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Interview with Kaitlyn Offer, Chief of Staff, AAP Melbourne

20 February, 2020

Kaitlyn has been a journalist since 2007, working across regional, suburban and state publications in WA before moving to Victoria in 2015. In her three years at The Sunday Times/PerthNow in WA, Kaitlyn covered courts, crime and disasters. Since joining AAP Melbourne in 2016, she has covered general news, state politics including the 2018 election, and was appointed chief of staff in July 2019. She tweets at @KaitlynOffer.


When did you first decide to be a writer and why?
Back in Year 10 when we all got told we had to decide what we wanted to do for the rest of our lives, I just knew that I loved asking questions and was a bit obsessed with music magazines – I figured journalism would combine the two. My family has always watched and paid attention to the news, but it wasn’t until I started studying journalism at university that I appreciated how much I loved all news and journalism, not just a specific field. I’ve been fortunate in my career that I have been able to try my hand at all of it – entertainment, crime, and politics. It has been a blast.


What advice would you give to young journalists just starting out?
Take the time to learn your craft. Move far away from home and your comfort zone and revel in regional journalism. It teaches you so much about not just writing, but handling and building contacts because you are in such close proximity to them. One of my first editors always told us “every story is a front page for someone” and it is so true, especially in smaller communities. You learn lessons on how to be fair and accurate – because you will hear all about it if you are not.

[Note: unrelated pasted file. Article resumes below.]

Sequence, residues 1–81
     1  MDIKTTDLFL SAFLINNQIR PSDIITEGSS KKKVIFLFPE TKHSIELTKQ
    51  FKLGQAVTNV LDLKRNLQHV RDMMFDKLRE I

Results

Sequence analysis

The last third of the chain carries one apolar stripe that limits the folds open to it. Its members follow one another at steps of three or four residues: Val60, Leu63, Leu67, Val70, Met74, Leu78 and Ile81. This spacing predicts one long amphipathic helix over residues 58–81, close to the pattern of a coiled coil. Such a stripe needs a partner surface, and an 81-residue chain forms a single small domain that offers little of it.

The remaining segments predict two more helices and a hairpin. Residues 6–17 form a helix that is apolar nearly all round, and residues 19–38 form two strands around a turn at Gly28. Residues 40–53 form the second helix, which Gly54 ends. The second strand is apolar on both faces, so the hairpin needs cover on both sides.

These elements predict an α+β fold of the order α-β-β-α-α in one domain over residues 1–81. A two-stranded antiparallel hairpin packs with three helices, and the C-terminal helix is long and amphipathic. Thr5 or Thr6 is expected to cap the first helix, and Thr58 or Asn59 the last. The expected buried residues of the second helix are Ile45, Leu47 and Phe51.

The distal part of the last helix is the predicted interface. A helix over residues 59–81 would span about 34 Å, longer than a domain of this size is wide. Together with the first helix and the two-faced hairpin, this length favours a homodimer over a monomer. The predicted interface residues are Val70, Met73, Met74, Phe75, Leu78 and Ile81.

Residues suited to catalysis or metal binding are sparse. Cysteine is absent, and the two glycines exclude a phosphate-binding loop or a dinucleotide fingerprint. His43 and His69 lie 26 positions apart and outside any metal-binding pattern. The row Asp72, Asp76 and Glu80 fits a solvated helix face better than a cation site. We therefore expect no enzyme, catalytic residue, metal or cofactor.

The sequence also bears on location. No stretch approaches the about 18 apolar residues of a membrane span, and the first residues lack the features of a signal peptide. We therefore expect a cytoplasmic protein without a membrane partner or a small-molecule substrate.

What does a typical day look like for you?
My day starts with the alarm going off at 5am and reading the newspapers. I’m in the office by 7am and turn on ABC News channel and the commercial networks and tune into 3AW. I then get a move on with stories from overnight that need covering and start assigning stories to journalists. The day is usually then a moving feast of monitoring the news, sub-editing stories and assigning reporters. Thankfully, an early start means an early finish and I leave about 2.30pm/3pm. I then try to watch all the news bulletins from 5pm to 7.30pm.


What story has been your favourite to work on so far this year? 
I wouldn’t necessarily describe it as a favourite, but I am extremely proud of the bureau’s coverage of the bushfires. They started at a time when we were low on staff because it was peak holiday time, but our small team threw themselves at coverage on the ground and from the office.


In your opinion, what makes a good press release?
Getting to the point! This includes telling the story in the subject line. We get a flood of press releases every day and need to be able to identify if it has broad appeal and impact quickly. Dot points can also be handy in helping us do that.

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